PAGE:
Then another lecture about the history of the lake, which I’m sure you can get off the Net. I’m the only gaijin (foreigner) on board and the Japanese journalists here, about 30 of them, often stifle yawns. Jasmine’s eyes tell me she’s bored, so we flee to the deck to smoke and laugh and watch the hills and islands drifting past. I ask her what this cruise is all about. “Some women might want to come with their mother. Others might want romance,” she says. I nod in agreement. That’s what it’s all about.
The sky is gray and sprinkling water, and a typhoon is imminent. Not an ideal romantic scenario. I imagine what it would be like here when the sun is shining — here with the one you love. I tell this to Takada-san, a young ship factotum who stands with us under a canopy puffing on a fag. “On a clear night stars blanket the sky,” he says. “There are no city lights, so you can see the heavens as clear as anywhere in Japan. That is better than the sunny days you talk about if you want romance.”
“You know where I can get a beer?” I ask him.
“Biwa water,” he says.
“No, biru (beer),” I say.
“We are now stopping to drink water from Biwa Lake,” he tells me.
The ship briefly shudders for the first time and comes to a halt. Through some mechanism below, they take water from 50 meters down, which is the average depth of the North Lake (the South Lake of Biwako is generally less than 5 meters). Then we all gather in the lecture room to drink the water — delicious, better than my preferred Volvic — and listen to shrimp talking. Mr. Yamazaki is center-stage, mic in hand, lapping up the attention like a true entertainer, and I love it and hang around. Mr. Yamazaki explains that he records the sound of water. He flicks switches on a machine that looks like it’s been pulled from a 1960s “Thunderbirds” episode, and we hear how different the water sounds at 10, 30 or 50 meters deep. It all sounds like someone letting out a long, slow fart in a bath. And there’s nothing wrong with that. Mr. Yamazaki then directs us to a fish tank in the corner of the room. The tank is full of shrimp and it’s hooked up to headphones so you can listen to the shrimp talking. What is shrimp-talk like? Imagine crushing a packet of potato chips in your hand and then getting electronic-music maverick Aphex Twin to remix it as a selected ambient work.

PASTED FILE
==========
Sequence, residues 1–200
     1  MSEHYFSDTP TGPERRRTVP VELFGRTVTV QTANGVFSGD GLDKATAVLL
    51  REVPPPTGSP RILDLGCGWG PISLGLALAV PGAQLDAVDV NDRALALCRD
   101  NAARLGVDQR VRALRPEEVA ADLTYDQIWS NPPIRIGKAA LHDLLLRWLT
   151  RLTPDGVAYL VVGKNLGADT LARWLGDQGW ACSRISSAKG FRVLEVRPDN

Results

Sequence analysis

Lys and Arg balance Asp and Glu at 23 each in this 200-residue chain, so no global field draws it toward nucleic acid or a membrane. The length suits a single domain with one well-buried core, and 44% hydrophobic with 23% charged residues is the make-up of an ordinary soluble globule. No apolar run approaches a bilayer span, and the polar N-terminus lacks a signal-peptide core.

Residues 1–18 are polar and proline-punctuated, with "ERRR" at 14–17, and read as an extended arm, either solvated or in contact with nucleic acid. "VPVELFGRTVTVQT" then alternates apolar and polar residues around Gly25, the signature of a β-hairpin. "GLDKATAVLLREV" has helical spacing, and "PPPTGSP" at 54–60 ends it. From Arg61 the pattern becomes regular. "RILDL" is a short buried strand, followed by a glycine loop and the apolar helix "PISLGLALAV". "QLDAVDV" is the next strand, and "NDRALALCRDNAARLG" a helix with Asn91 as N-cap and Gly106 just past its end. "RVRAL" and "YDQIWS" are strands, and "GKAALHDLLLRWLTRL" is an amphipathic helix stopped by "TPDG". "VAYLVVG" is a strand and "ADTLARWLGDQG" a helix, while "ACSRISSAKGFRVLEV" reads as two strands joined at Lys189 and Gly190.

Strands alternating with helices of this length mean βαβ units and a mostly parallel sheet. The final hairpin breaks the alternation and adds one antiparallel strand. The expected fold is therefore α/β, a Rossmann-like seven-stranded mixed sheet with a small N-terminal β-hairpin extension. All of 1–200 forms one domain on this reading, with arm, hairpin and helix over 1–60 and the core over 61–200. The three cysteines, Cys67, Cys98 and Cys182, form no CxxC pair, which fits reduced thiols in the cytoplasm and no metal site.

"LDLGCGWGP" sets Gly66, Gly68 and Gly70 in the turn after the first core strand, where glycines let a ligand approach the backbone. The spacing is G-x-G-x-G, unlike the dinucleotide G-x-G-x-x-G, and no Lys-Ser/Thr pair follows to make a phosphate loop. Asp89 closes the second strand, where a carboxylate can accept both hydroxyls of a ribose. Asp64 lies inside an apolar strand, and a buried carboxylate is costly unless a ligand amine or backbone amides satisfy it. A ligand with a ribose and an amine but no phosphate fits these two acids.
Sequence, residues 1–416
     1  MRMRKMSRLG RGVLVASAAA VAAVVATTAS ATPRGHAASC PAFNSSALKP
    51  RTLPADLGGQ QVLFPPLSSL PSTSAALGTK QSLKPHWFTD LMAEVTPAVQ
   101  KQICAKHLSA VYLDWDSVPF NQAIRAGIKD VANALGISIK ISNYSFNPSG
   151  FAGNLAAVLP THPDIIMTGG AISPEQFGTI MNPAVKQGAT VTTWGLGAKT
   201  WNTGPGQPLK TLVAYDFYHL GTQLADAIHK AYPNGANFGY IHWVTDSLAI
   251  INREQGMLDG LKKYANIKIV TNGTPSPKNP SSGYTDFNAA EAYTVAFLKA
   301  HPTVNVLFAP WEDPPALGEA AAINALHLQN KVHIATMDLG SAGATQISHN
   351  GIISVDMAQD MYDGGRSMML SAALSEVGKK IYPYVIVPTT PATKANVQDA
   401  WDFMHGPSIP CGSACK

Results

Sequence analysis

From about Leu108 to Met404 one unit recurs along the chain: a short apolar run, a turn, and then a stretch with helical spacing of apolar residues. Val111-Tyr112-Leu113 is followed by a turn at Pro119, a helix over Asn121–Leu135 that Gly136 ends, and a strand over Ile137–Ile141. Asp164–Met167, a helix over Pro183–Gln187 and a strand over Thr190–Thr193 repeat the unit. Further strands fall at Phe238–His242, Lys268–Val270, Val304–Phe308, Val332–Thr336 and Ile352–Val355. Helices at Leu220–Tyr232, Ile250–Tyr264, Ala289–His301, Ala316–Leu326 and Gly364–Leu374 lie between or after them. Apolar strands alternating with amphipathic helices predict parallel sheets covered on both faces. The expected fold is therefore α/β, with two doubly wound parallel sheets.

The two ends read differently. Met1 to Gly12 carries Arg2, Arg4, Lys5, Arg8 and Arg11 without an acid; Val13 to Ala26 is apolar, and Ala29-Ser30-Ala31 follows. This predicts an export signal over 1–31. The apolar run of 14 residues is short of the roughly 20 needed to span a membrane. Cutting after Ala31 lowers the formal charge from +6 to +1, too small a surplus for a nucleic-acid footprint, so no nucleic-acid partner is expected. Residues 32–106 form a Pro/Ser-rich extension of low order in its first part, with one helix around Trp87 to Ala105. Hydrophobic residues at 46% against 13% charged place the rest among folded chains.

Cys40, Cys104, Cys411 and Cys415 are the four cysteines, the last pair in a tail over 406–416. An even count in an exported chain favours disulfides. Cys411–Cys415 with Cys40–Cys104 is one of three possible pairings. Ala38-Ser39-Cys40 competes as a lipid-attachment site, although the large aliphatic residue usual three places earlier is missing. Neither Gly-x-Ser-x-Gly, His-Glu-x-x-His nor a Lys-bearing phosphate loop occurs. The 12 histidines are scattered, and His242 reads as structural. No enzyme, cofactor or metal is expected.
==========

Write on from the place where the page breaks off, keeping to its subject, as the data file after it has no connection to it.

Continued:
The boat docks at Imazu; we are told the typhoon will definitely hit within 24 hours, and as the heavens unleash the first of many a furious downpour, we are whisked off in a bus and taken on a 20-minute journey to the memorial museum of Touju Nakae (1608-1648), an educator influenced by the Chinese, hence the dragon motifs, etc. displayed in the beautiful garden next to the museum. We are all given a video cassette — it’s a cheesy TV drama about this guy’s life, but the rewarding thing here is the garden and dancing in the rain with Jasmine on the stepping-stone bridges that cut through the various ponds.
We are taken into a tatami room and asked to sit. There’s a blackboard and a TV in the corner and another lecture starts. I slip outside when nobody is looking and to my delight there lies a tiny liquor store called Fujiya Saketen across the road. It’s very shitamachi (downtown): there’s a standup ashtray at the counter and a stool. Just like a bar. The proprieteress, Kojima Kazue, who must be aged about 50, is intrigued by this henna-gaijin (strange foreigner) who’s appeared out of nowhere in a storm, and she offers me the seat, an Asahi beer and a cigarette and we chew the fat.
She asks if I’m here with my wife. I say I don’t have one. I show her pictures of my girlfriend. She tells me she never got married. She once was in love, but it never came to be. The usual down-to-Earth natter. Several beers later, I spot the bus pulling out of the Touju Nakae museum car park. They’ve left me behind! But then, 20 minutes later, a tour organizer calls asking where I am. The bus returns and I apologize to everyone on board. We head back to the boat as the winds whip up and the rain hits heavy.
There are mutterings that the tour may be curtailed due to the typhoon but what I’m really interested in hasn’t happened yet — a visit to Azuchi-jo, the castle-home of one of Japan’s most curious historical figures, the mad hegemon Oda Nobunaga. We are assured that the boat is strong enough to withstand anything that nature can throw at it. There’s no need to worry, apparently. Jasmine clutches my hand. Honda smiles. There’s a little way to go and the world has not yet turned blue.
But it will. It will.
Part 2 of the Biwako story will appear Sept. 14. Information on Biankago cruises and excursions is available at www.biwakokisen.co.jp (in Japanese, but an English pamphlet can be downloaded). The Oumi-Seijin Nakae Touju Memorial Museum can be reached at 0740-32-0330. Prince Hotel info can be checked at www.princehotelsjapan.com